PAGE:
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Tanuja was born in Bombay into a family of four children as Tanuja Samarth to poet and director Kumarsen Samarth and actress Shobhna Samarth. When she was very young her parents separated. Image Source: Procured via Google Search.
Tanuja says in an interview - "My parents separated before my brother was born: When my parents went their own ways, Jaideep was yet to be born. But although they were no longer husband and wife, they were still Mom and Dad for us. In fact, Dad came to meet us almost everyday. Around then, Mom decided that I would study at St George's in Switzerland because I had a flair for languages. While in Switzerland, Dad wrote to me in German and I always replied in German." Image Source: Procured via Google Search.
Tanuja entered films as a child actress and continued working until 1973. She started her film career with her older sister Nutan in the film Hamari Beti (1950) as Baby Tanuja. Image Source: Procured via Google Search.
Tanuja recalls fond memories of her childhood - "I was a movie star at five! My first school was Villa Theresa, a kindergarten. I then went to Walsingham, a co-ed school from where I remember Vikas Desai, Vasant Desai's son. I had no interest in studies and was a complete brat. In fact, I was the only kid my mother beat up! I was five when my parents made Hamari Beti. When Mom asked whether I wanted to act in a movie, I replied, 'Does that mean no school?' I played baby Nutan in the film and memorised everybody's dialogues, in addition to my own! During shooting, I lost two of my baby teeth and refused to open my mouth. And when I heard my own squeaky voice on tape, I refused to speak! Lots of lemonade with ice finally won me over!" Image Source: Procured via Google Search.
Tanuja says she has been always highly influenced by her mother. In an Interview Tanuja says - "I grew up in awe of my mother: My earliest memories, after I was born on September 23, 1943, in Bombay to Shobhana Samarth and Kumar Singh as the second of four children, are of the fascination I had for my mother. I still remember her red toenails, her red lipstick, her gorgeous sarees with backless cholis, her eyelashes with imported mascara, her oval face... she was so perfect! I was never beautiful. Mom was the pretty one. In fact, people joked that although my parents were good-looking, I hadn't inherited their genes." Image Source: Procured via Google Search.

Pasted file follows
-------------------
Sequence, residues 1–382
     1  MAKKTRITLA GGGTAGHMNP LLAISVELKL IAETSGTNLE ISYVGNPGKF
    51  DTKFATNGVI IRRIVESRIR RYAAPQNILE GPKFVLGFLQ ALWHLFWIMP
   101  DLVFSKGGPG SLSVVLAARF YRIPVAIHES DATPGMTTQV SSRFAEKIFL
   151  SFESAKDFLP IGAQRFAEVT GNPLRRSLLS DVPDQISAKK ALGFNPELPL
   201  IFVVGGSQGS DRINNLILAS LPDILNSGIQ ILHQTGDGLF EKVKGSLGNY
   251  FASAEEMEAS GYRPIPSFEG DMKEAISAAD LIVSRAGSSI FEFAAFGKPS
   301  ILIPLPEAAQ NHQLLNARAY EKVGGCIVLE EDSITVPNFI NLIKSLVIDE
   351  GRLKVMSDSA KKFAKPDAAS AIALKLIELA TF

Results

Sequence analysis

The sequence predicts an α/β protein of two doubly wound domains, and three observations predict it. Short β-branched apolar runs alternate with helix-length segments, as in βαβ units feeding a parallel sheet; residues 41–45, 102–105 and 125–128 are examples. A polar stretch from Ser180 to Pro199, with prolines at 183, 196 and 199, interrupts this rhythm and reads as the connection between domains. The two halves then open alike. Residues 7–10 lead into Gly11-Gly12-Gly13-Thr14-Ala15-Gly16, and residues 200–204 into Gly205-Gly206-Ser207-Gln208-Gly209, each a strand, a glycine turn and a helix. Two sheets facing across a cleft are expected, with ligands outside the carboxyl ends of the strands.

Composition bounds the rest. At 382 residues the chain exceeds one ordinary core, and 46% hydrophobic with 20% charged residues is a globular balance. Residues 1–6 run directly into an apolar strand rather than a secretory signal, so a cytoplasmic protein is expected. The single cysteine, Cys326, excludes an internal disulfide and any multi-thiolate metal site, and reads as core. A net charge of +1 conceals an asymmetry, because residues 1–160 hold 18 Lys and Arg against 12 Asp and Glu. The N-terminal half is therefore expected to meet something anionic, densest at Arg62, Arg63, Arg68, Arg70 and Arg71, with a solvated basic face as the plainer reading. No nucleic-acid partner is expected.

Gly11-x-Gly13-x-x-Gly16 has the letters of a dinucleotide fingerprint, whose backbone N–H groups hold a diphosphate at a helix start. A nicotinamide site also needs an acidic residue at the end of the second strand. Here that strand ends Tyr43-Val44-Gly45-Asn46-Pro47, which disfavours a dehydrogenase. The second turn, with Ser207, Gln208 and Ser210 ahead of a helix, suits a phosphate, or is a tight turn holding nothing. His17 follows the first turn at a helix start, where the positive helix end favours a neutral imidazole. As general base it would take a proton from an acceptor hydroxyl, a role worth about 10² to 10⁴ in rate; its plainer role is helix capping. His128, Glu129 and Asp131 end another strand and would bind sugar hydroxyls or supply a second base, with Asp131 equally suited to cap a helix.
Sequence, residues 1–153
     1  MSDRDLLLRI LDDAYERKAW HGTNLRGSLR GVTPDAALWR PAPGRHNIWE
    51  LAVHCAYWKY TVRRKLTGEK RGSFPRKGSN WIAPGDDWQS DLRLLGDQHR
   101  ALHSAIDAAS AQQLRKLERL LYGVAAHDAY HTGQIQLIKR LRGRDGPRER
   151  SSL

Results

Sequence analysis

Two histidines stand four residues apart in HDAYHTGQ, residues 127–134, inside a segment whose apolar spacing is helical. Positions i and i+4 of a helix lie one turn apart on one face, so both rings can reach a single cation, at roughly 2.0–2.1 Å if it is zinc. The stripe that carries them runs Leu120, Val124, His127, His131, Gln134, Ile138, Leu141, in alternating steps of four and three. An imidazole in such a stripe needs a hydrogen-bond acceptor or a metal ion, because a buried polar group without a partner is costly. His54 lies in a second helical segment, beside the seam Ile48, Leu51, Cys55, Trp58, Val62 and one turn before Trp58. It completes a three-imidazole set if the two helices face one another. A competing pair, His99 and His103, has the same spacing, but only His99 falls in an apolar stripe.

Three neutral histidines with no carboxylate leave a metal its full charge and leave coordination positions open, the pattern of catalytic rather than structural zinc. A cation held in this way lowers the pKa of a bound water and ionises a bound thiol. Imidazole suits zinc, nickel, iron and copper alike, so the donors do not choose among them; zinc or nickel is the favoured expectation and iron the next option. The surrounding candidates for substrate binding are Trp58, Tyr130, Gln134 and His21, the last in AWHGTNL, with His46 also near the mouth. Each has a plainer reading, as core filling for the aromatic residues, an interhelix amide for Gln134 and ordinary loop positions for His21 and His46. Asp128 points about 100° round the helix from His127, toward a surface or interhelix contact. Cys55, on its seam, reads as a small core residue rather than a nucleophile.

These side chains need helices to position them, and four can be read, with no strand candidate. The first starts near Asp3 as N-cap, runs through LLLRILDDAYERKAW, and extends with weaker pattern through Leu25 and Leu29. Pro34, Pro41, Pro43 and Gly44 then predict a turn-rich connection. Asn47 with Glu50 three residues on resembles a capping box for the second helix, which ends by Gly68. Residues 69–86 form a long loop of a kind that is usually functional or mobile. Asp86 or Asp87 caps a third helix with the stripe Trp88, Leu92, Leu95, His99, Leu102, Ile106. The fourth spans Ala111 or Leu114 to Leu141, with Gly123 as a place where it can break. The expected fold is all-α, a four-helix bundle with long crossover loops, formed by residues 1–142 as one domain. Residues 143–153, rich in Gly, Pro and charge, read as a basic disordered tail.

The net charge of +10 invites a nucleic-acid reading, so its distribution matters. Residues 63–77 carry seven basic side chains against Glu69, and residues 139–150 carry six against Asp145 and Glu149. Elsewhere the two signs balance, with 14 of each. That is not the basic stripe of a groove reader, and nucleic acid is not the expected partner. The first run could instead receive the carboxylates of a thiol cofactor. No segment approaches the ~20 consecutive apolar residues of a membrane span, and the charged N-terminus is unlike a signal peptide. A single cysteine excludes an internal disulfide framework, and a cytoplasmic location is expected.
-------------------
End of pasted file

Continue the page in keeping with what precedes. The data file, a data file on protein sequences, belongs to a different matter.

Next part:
Tanuja's parents were strict disciplinarians. The actress says - "For my parents, discipline came first: My father was a director and my mother, an actress. Both were strict disciplinarians and we were not allowed chocolates on weekdays. People from the film industry visited us -- David, Jayant, Moti kaka, KN Singh, Begum Para, Nadira. But I was never taken to the sets till Tai (Nutan) was launched in Hamari Beti." Image Source: Procured via Google Search.
People close to the actress when Tanuja was young say that she was an extreamely energetic and enthusiastic young girl. She was said to be always making people laugh and jumping around the house. Image Source: Procured via Google Search.
People close to the actress also say that Tanuja is an extremely avid reader. And the strange part is that Tanuja usually does so with her feet in the air! Image Source: Procured via Google Search.